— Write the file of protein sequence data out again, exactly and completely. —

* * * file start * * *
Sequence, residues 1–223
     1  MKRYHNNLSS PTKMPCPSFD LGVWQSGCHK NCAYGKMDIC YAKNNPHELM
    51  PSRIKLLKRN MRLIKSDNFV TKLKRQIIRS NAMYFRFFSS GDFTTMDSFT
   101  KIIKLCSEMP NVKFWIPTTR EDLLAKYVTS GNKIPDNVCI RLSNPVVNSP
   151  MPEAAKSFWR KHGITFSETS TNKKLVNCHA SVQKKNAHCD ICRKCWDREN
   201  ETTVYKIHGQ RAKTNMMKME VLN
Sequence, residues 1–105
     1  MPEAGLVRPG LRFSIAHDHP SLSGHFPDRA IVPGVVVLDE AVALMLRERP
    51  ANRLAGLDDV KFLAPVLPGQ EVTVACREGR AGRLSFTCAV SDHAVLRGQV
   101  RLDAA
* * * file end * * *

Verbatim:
Sequence, residues 1–223
     1  MKRYHNNLSS PTKMPCPSFD LGVWQSGCHK NCAYGKMDIC YAKNNPHELM
    51  PSRIKLLKRN MRLIKSDNFV TKLKRQIIRS NAMYFRFFSS GDFTTMDSFT
   101  KIIKLCSEMP NVKFWIPTTR EDLLAKYVTS GNKIPDNVCI RLSNPVVNSP
   151  MPEAAKSFWR KHGITFSETS TNKKLVNCHA SVQKKNAHCD ICRKCWDREN
   201  ETTVYKIHGQ RAKTNMMKME VLN
Sequence, residues 1–105
     1  MPEAGLVRPG LRFSIAHDHP SLSGHFPDRA IVPGVVVLDE AVALMLRERP
    51  ANRLAGLDDV KFLAPVLPGQ EVTVACREGR AGRLSFTCAV SDHAVLRGQV
   101  RLDAA